He had been thinking about being a Cardinal for a few months, and he even urged his agents to find a route to a deal with them. In bidding completed Tuesday night, the Cardinals outpaced Houston, the defending champion, and the Angels.

The Cardinals had almost a decade to plan for this moment, for the day they’d have to identify the catcher who followed Molina. They had visions of a homegrown answer, although they began to peer through other lenses this past summer, Molina’s last. At the trade deadline, the Cardinals explored acquiring a catcher with an eye toward 2023. They had a similar focus going into this winter and engaged in talks with Oakland and Toronto about deals for catchers. Marmol said competition offered him a chance to watch candidates, scrutinizing them as fits.

“You start to think about what catchers are going to be free agents, and what’s possible,” Marmol said. “You don’t really love (Contreras) when he’s across the way. The reason other teams see him that way is because he’s good and he beats you, and you don’t love it. Now, having him on our side — it fits well with the rest of the guys we do have.”

The Cubs did not make an overture to re-sign Contreras but did make him a qualifying offer, thus costing the Cardinals their second-highest draft pick in 2023 and $500,000 off their international spending budget. The Cubs entertained trades for Contreras during the season, but when they didn’t mean he had two tearful, ovation-filled goodbyes at Wrigley Field as the last position player from a core that once included Kris Bryant, Anthony Rizzo, Javy Baez, and him. Only the ivy stays rooted at Wrigley.

Signed by the Cubs in 2009 as a teenager in Venezuela, Contreras made his major-league debut in 2016. Like Molina for the Cardinals in 2004, Contreras was his team’s rookie starter at catcher for the final game of the World Series. In his first year, the Cubs did something they hadn’t in 108 years — winning a championship — and within three years Contreras started two All-Star Games for the National League. Since his first full season as an everyday catcher, Contreras ranks in the top five at the position for home runs (105), RBIs (330), on-base percentage (.348), and slugging percentage (.456).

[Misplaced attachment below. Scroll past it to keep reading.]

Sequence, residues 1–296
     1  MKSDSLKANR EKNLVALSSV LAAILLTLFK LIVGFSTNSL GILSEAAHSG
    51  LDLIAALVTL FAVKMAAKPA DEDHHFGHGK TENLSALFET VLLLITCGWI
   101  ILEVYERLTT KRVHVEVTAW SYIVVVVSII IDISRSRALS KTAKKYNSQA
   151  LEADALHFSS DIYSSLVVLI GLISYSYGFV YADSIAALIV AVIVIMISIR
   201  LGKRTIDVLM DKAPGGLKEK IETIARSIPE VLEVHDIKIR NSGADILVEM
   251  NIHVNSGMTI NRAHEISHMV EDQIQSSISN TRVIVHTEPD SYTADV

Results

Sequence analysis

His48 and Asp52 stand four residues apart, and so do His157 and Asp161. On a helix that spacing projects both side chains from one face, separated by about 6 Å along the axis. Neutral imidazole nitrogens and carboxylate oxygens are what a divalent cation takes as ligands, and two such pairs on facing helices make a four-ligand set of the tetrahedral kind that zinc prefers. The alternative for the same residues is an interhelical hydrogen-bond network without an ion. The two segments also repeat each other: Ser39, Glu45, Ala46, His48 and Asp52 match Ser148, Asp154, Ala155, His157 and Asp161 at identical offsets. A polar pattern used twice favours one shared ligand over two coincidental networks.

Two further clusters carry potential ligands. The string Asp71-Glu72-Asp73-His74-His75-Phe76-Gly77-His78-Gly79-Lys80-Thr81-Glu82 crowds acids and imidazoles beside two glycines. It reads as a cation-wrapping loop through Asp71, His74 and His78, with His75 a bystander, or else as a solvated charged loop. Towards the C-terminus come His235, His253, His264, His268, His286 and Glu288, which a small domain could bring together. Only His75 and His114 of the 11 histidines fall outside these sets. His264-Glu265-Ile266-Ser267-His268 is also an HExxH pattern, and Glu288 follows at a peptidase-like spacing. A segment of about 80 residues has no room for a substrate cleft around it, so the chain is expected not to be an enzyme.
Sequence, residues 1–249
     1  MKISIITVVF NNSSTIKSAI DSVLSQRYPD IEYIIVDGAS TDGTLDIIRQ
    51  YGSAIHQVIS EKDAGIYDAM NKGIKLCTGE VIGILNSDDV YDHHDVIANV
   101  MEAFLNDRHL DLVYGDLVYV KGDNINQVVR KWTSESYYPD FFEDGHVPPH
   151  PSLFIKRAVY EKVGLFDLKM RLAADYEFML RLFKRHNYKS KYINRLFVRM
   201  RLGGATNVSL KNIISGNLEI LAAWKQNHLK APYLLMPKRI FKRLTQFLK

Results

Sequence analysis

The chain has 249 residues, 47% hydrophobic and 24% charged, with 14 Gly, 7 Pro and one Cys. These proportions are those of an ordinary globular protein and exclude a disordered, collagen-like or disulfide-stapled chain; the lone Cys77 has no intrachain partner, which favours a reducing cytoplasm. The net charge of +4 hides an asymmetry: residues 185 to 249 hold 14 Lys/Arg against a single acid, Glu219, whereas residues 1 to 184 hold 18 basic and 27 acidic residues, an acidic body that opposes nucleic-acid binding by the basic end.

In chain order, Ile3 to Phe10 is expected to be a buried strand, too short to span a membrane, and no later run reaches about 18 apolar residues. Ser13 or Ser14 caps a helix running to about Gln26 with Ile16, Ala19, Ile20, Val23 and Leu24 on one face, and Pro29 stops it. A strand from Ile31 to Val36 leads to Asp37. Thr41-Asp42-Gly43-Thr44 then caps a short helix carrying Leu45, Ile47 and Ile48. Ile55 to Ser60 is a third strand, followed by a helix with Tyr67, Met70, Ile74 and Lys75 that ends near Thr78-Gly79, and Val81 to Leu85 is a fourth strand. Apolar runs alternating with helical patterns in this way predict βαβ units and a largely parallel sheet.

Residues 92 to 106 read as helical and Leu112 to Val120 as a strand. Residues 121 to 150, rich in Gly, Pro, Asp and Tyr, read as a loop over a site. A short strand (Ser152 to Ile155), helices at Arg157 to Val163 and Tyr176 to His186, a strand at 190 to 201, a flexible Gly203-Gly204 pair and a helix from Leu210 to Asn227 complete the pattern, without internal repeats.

His .808 OPS since his debut leads all catchers with at least 1,500 plate appearances, just ahead of Philadelphia’s JT Realmuto. Contreras’ 365 RBIs since his debut rank sixth among catchers, just behind Molina’s 377.

After slipping on the jersey he’d only daydreamed about and before taking questions, Contreras brought up Molina. A classic social media misunderstanding early in his career had prompted a retort from Molina about how the young whippersnapper on the north side needed to “respect” his elders. But from it bloomed mutual respect, exchanges of texts, nods during games, and tips that Contreras seeded into his play behind the plate. Multiple times Friday, Contreras referred to Molina as “my idol.” He said that whatever career he has with the Cardinals it was Molina who “set an example for the future.”

Back in September, Pujols’ eighth-inning, pinch-hit homer off a lefty reliever the Cubs curiously allowed to face him led to a 2-0 victory and the Cardinals’ series sweep. Molina did not appear in that final game, but he went four-for-seven in the series with three RBIs in one game. As he let his imagination wander about free agency and the different places he could go, he felt the fit of the Cardinals’ jersey and felt what it would be like not stepping out of Molina’s shadow but into the spotlight he made brighter at their position.

“I’m inspired by just succeeding Yadier Molina,” Contreras said. “I’m inspired by having Arenado on my left side, having Goldschmidt on my right side. I’m inspired. … Watching Yadier Molina there, playing against us, and then putting myself behind him, just envisioning it, is an honor. I love the feeling. I made the best decision that could be made.”